My previous posting regarding the baseline being cluster ready, made me realize that it would be useful to have a single requirements document that we can work from. If you need some help with that let me know. I have a boiler plate doc ready that we can start filling in (From Leffingwell and Widrig: Managing Software Requirements).
Also what will be the apps we'll use for documents? Do we want to be Unix compatible so no MS formats?
Well, any help is welcome ! So if some afordable guidelines are available and if you have some clues on doing a manual (am I right ? ) or a guideline document containing architecture and physics, than it would be a tremendous thing !
For the documents, we intended to be Linux (UNIX) compatible only (for scientific purposes and easy maintenance). So fellows like LaTeX are more than welcome...
An OpenFlower Admin.
Yep, I have some suggestions how to get started. I can put together a requirements document and forward that to one of the admins. I would suggest that we go with an OpenOffice format since it is installed on the RH distributions. That way any RH distribution can be readily used for the documentation. Secondly, OpenOffice can generate MSOffice formats so we could generate those from the same base documents for releases.
Secondly, I really like to keep docs and code together so I am a big proponent of javadoc and doxygen. If we would like to generate the code documentation we would need to make a decision on what doc generation system to use.
Thirdly, Linux is great but there is a benefit to be cross-platform. So the code and its build process should IMHO be Linux and Windows. It is not that much extra work, but it increases the quality of the code since you get two different interpretations of your code and a much wider audience. If you want to be cross platform, it is best to start early. I strongly suggest it is baked into the orginal requirement set.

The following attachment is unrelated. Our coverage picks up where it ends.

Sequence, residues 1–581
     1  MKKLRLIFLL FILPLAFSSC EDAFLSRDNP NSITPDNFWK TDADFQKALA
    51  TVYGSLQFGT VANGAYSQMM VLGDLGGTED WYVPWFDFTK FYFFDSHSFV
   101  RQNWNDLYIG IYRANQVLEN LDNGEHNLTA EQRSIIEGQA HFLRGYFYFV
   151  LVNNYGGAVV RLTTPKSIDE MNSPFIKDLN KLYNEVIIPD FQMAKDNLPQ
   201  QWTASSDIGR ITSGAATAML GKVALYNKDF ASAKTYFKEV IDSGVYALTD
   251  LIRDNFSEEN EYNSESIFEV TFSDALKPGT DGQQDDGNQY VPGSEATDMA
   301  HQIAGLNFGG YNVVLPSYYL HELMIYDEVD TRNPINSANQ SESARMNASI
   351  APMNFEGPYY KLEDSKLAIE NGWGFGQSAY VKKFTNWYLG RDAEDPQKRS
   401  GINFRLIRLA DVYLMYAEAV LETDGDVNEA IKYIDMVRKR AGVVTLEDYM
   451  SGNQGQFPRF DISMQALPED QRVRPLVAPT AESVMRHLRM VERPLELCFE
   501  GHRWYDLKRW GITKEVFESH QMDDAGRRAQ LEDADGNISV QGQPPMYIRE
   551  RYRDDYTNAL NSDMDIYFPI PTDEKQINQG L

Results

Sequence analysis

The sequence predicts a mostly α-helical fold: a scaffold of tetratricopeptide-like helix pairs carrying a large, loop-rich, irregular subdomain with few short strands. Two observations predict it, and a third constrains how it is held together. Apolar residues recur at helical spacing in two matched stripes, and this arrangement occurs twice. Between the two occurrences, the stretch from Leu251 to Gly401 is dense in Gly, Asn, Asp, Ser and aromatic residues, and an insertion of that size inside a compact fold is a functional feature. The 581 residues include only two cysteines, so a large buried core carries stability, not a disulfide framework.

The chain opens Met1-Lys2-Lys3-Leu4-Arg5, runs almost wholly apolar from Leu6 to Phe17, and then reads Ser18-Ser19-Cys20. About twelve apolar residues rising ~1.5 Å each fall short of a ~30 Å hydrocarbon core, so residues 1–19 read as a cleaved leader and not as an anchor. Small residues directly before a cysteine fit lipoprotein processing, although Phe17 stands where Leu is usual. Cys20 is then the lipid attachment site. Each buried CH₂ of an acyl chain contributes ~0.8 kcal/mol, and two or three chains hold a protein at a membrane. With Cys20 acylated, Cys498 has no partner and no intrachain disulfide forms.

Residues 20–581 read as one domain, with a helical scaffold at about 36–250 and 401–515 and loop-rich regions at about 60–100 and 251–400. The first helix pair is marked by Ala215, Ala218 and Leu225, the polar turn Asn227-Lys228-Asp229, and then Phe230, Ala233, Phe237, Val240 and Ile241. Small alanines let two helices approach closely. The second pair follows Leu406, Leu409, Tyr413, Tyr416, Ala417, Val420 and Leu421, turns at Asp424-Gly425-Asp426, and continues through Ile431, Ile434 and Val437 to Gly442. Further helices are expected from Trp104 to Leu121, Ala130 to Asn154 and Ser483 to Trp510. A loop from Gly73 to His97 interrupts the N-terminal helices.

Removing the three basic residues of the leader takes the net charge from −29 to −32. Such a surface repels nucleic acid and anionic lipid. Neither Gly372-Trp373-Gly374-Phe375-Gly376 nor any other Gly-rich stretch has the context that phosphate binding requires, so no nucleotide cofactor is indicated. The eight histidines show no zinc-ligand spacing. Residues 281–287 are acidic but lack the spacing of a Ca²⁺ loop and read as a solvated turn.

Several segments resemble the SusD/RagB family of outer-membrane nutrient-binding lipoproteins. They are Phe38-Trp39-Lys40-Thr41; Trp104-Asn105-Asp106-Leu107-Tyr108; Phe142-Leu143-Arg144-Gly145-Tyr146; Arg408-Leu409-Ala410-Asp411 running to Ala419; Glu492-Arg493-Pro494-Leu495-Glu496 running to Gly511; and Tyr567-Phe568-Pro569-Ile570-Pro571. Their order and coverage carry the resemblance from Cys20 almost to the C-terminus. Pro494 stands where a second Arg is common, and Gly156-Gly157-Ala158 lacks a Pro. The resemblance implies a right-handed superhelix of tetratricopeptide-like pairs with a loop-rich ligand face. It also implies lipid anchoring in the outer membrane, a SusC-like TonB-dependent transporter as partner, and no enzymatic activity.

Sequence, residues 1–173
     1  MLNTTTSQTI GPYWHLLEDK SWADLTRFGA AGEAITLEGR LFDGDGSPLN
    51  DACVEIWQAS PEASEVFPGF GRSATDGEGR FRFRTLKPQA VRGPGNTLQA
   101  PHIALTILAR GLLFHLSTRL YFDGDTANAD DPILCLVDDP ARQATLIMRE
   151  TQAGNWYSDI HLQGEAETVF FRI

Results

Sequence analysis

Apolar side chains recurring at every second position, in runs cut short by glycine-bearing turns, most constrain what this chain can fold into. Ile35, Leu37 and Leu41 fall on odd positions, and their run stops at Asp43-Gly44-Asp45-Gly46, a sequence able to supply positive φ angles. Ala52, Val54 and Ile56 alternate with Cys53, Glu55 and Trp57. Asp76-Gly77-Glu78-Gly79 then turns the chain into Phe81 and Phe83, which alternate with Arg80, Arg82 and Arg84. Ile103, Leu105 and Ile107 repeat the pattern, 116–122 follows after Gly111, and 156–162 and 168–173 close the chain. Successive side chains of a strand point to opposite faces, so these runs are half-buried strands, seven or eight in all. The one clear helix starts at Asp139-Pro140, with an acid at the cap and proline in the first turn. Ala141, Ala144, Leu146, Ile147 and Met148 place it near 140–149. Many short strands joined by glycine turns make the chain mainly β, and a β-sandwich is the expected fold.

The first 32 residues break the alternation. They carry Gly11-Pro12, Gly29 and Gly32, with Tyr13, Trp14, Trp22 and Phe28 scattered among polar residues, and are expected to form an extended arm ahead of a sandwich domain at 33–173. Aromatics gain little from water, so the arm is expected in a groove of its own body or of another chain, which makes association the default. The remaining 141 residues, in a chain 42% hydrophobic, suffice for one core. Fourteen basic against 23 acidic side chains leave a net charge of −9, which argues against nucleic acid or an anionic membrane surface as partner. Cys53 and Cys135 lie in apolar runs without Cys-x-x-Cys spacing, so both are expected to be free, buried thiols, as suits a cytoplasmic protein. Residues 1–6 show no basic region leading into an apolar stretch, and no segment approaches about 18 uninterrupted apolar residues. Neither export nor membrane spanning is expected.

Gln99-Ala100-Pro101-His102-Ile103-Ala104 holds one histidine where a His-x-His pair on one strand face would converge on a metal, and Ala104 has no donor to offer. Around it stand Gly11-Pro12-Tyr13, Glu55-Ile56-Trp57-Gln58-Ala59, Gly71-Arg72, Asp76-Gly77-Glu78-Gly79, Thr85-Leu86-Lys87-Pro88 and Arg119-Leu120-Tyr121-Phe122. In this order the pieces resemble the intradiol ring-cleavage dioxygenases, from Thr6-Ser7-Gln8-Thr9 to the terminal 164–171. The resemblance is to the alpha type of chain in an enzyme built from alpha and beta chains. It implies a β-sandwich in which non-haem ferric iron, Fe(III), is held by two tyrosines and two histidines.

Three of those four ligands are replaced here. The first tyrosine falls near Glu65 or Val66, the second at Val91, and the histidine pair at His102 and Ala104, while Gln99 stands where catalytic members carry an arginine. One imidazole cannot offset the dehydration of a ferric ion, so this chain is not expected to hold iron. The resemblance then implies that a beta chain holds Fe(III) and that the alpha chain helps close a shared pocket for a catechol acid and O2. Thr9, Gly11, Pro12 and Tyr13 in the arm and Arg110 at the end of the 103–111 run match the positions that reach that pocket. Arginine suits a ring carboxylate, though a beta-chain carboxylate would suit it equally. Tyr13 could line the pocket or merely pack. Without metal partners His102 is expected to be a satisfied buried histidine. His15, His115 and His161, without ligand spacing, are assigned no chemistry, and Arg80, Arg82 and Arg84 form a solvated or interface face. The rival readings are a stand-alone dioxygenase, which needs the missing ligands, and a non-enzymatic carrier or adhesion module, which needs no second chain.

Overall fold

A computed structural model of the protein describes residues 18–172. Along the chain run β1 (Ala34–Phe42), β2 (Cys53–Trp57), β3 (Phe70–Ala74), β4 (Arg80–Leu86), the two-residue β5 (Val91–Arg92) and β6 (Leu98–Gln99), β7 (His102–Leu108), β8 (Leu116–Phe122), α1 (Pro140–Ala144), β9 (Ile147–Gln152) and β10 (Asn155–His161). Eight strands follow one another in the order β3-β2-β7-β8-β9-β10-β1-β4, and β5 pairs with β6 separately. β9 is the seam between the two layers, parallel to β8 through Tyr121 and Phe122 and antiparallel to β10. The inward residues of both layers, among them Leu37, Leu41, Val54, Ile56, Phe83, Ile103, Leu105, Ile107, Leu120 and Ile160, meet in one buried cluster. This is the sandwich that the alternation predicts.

And finally, you are correct, I would be interested to contribute to the 'manual'. Open source without good documentation is useless, I believe in that enough that I can take on that job.
I think OpenOffice is a good idea because it allows also to windows users to read document in its original format, but LaTeX gives better quality documents above all for equations, it's easier to mantain beacuse you define a style and it's directly applied to your documents, it is available also on Windows, and you can always generate a pdf, which is readable on all platforms.
I shouldn't be really difficult to port C++ code to windows too.
Well the idea to do a document with OpenOffice is ok for us. THe think is that we believe that the quality will not be very good. Another important point is that we think it is best to make available to users a document in pdf format than Word or OpenOffice. So if there is an easy way to do it, then it's ok for us.
But I think we will discuss about the choice of LaTex vs. OpenOffice shortly, because as the user AP suggests we can define a general document style that will be used for every document easily.
As for the compatibility with Windows platforms, it's ok for us : the only thing is that someone has to do it ! And here, the main development team has only access to Linux OSs. Anyone who wants to deal about this particular point ?